Today Heather‘s dad posted on her blog.  He talked about, among other things, mourning.  He is obviously mourning the passing of his granddaughter, Maddie.  But he also mentioned friends who had died years ago, and how he still mourns them now.

Somehow, in a weird way, this is comforting to me.  (Wait…hear me out before you make ugly comments.)  I’m glad to know I’m not the only one who doesn’t “get over it”, even “over” people I never met or didn’t know very well.

I remember a kid that I grew up with who died of cancer at a young age.  I think of him every so often, and can always see his eyes.  His eyes were, are haunting.  His death was my first taste of mortality.  Someone my age, younger than me actually, could die.  Wow.

I remember when my grandfather died.  How angry I got when people were talking and laughing just like everything was normal.  I remember my nine-year-old self wanting to yell, “He’s dead, and he’s never coming back.  How can you be having fun right now?”  And now there are times when I still get angry.  Not because of people laughing and living like they should, but because I can’t hear his voice anymore.  Because no matter how hard I try, I can’t recall his smell.

In high school the sister of a friend was killed in a car accident.

Another girl I knew from high school was killed in a wreck not long after she finished her first year of college.

A friend of a friend died of a freak heart problem he didn’t even know he had.

My grandmother, Mama Jo, who had a plethera of medical issues ultimately died of sepsis after a nasty go round with surgery-requiring diverticulitis.  It blows my mind that she never saw any of my children.

The father of a childhood friend died.  Another friend lost her mom.

Breast cancer stole away another friend’s mom.  I never even met her, but I met her daughter.

(Side note:  This month is Breast Cancer Awareness month.  Please go here to see what you can do.)

I’ve heard Marshall and other physicians talk about patients they’ve lost.

Death is devastating.
Death is overwhelming.
Death is not the end.
I’m sure of that.

And I’m also sure that I think of all these people for a reason.
Whenever I think of Maddie, I send up a prayer for Mike & Heather.
Whenever I pass the Larry Bearden Crosswalk sign, I think of my friend Chan, even though I haven’t talked to him in years.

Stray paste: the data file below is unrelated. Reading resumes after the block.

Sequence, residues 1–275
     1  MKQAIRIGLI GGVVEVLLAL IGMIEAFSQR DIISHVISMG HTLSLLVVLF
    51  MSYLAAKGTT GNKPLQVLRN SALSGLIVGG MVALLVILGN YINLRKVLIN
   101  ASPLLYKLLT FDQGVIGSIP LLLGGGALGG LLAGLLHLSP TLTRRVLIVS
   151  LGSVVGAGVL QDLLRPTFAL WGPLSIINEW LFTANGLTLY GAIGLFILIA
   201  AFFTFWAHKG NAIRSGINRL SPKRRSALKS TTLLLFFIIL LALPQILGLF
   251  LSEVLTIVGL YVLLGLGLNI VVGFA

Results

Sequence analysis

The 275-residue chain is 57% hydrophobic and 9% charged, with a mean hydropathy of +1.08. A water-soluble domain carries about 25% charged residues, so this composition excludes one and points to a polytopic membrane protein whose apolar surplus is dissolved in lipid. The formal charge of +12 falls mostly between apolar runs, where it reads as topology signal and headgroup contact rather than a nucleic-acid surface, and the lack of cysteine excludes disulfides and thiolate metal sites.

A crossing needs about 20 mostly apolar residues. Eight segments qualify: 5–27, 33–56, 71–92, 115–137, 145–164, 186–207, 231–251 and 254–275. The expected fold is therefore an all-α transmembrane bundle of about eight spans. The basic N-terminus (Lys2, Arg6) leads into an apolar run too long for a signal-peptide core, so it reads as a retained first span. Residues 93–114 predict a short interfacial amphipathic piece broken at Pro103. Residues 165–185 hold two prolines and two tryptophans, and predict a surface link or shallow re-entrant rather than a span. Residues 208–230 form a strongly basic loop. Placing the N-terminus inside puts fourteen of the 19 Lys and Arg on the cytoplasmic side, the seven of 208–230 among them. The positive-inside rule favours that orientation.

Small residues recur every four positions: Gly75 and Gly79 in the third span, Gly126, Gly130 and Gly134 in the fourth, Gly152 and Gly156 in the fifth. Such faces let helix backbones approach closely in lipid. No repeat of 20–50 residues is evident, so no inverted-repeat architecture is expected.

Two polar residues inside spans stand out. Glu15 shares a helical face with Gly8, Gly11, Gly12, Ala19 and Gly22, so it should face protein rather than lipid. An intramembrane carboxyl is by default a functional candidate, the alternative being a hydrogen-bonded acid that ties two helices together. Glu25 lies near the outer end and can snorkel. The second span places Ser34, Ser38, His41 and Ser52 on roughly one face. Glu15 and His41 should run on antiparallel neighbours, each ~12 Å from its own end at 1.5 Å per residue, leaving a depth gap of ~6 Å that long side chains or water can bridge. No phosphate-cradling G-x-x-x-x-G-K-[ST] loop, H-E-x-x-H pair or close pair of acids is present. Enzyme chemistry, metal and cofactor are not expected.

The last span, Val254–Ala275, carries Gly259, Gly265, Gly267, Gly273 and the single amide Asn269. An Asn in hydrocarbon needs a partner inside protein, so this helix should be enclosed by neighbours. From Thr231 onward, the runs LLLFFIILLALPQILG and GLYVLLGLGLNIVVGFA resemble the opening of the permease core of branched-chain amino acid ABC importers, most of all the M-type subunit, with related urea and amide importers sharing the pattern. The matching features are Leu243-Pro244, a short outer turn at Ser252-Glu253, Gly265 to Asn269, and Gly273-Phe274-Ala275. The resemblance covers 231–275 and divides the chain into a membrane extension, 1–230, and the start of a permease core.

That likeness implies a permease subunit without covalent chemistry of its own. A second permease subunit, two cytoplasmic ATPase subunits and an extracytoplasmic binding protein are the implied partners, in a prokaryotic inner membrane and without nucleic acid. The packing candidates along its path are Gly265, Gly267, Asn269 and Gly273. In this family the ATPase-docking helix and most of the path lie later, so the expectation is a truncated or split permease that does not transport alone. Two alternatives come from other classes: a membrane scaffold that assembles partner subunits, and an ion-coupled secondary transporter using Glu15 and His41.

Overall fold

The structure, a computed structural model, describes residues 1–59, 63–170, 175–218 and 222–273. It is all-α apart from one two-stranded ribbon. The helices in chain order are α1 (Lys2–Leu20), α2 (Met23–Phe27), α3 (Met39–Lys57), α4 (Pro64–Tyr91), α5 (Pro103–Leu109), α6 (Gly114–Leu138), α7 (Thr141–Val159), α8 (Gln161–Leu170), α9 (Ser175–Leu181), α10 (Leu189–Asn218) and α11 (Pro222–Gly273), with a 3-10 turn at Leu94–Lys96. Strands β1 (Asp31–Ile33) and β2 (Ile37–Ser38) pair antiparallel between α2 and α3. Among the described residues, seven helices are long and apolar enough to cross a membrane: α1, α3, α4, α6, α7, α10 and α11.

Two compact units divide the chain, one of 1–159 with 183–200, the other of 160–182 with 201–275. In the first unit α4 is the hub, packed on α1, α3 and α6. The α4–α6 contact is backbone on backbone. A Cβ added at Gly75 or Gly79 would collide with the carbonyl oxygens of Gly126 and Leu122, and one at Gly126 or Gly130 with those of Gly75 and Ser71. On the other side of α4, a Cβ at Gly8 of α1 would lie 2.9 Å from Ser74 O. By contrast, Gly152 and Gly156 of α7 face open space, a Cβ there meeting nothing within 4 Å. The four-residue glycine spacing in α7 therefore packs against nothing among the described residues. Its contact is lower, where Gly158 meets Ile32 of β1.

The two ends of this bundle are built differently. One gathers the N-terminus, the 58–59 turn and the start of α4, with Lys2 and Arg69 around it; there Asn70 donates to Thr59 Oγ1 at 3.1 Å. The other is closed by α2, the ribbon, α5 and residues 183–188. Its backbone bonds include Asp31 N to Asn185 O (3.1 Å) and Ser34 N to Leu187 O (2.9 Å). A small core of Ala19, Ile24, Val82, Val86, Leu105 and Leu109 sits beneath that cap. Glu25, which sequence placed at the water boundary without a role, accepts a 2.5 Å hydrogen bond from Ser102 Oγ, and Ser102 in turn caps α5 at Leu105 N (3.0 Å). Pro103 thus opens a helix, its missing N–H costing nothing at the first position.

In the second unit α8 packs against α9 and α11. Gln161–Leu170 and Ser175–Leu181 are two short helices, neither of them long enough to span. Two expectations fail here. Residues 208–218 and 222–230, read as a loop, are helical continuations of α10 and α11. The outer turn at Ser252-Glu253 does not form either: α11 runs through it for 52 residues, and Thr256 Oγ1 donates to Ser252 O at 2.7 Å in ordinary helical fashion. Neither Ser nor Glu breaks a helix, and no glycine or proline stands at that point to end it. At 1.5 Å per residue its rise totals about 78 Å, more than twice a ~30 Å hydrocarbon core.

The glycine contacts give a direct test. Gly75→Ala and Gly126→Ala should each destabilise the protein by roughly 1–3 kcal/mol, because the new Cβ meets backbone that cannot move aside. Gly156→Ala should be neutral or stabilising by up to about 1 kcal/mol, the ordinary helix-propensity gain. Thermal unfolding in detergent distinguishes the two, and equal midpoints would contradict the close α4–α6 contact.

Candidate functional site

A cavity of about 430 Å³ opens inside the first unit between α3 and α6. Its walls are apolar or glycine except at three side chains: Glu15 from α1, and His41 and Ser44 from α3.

Whenever I look up at the photograph I have of my grandparents on their wedding day, I thank God for the love they had and the impact they had on my life.

And I wonder…will I ever not miss them?  Will there ever be a day I don’t hear someone say “Mama Jo” and not get a lump in my throat?  Will there ever come a time I see purple and not think of Maddie?  Will I ever see a teenage girl in a softball uniform and not wonder how Jessica’s parents are doing?

Mourning doesn’t ever end.  Grief may dissapate some.
The memories may go from technicolor to black and white.
But they aren’t gone.

9 Responses to Mourning
  1. alaina
    October 9, 2009 | 12:22 pm

    My lifelong friend Alicia would have been 25 today. She died last year. Send up a prayer for her parents and her twin sister if you get a chance. Thanks for posting about mourning because i’m definitely doing some of that today.

  2. Ali Mc
    October 9, 2009 | 1:01 pm

    And by mourning someone, we are also celebrating them–acknowledging the impact they had on our lives and the fact that we got to know them at all. You’re right, eventually there’s a comfort in remembrance. Thanks for this post, Brigida. There are a couple of people who have been on my mind lately, and reading this was a nice way to put it into perspective and be grateful for them along with missing them.

  3. Aunt Dianne
    October 9, 2009 | 3:11 pm

    When grandaddy died, a very wise friend said, “You never get over it; you just get use to it.” She was right.

  4. Becky
    October 10, 2009 | 8:57 am

    Wonderful timing to read this Bridget. I was talking about my grandfather last night at dinner. He joined our Lord (and his wife who passed away 30 years ago) last September. I find great comfort knowing their illnesses are gone. They have all won their battles and are with our heavenly Father. We miss their presence on earth terribly but will see them again. My grandfather who didn’t recognize me last year has all of his senses back and is no doubt playing golf with my grandmother. I pictured her touching up her lipstick waiting anxiously for him and telling him “It’s about time Dan.” I miss him dearly…every single day. Not a day goes by that something doesn’t remind me of Papa. But oh how lucky he is to be where he is.

  5. Issa
    October 10, 2009 | 6:42 pm

    I think on this, everyone is different. I am like you. But I know people who just aren’t. I have friends who don’t like to remember a friend of ours who has been gone almost 11 years. Remembering him is too hard for them. Shrug.

  6. ...angela
    October 11, 2009 | 8:10 pm

    I was with Aunt Carolyn and Aunt Martha at a women’s retreat this weekend. Please remember them – especially Aunt Carolyn. She still breaks down at losing Uncle Charles this past April. The loss is still so fresh to hear. We had several cries and hugging times. (Aunt Martha lost Uncle Jud Oct or Nov last year and misses him too, but did not cry like Aunt Carolyn). Also at retreat, a friend found out thru an announcement at assembly that a former church camper, Jared Grizzle age 25 (she was camp director for 10 years) was killed in an automobile accident. So, we had a lot of grief to deal with this weekend. She knows he is fine, but the loss for those left behind is still painful. The Love of our Lord will help us make it thru.

  7. ...angela
    October 11, 2009 | 8:36 pm

    (correction on the name of the young man – it is spelled Jerriod Grizzle)